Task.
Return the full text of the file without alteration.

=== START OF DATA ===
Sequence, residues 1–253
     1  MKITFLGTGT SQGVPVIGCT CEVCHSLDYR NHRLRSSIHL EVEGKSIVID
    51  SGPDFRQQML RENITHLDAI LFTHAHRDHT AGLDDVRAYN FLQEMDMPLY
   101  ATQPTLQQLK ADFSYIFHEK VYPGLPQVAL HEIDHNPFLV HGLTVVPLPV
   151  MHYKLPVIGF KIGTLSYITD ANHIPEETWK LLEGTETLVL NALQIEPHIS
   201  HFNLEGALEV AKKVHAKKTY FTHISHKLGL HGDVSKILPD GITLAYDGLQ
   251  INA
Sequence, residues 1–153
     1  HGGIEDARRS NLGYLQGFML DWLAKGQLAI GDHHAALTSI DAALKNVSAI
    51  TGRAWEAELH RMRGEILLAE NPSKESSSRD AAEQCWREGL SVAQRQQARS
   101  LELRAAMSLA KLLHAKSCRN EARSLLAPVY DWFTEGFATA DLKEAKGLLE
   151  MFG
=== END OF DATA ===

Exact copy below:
Sequence, residues 1–253
     1  MKITFLGTGT SQGVPVIGCT CEVCHSLDYR NHRLRSSIHL EVEGKSIVID
    51  SGPDFRQQML RENITHLDAI LFTHAHRDHT AGLDDVRAYN FLQEMDMPLY
   101  ATQPTLQQLK ADFSYIFHEK VYPGLPQVAL HEIDHNPFLV HGLTVVPLPV
   151  MHYKLPVIGF KIGTLSYITD ANHIPEETWK LLEGTETLVL NALQIEPHIS
   201  HFNLEGALEV AKKVHAKKTY FTHISHKLGL HGDVSKILPD GITLAYDGLQ
   251  INA
Sequence, residues 1–153
     1  HGGIEDARRS NLGYLQGFML DWLAKGQLAI GDHHAALTSI DAALKNVSAI
    51  TGRAWEAELH RMRGEILLAE NPSKESSSRD AAEQCWREGL SVAQRQQARS
   101  LELRAAMSLA KLLHAKSCRN EARSLLAPVY DWFTEGFATA DLKEAKGLLE
   151  MFG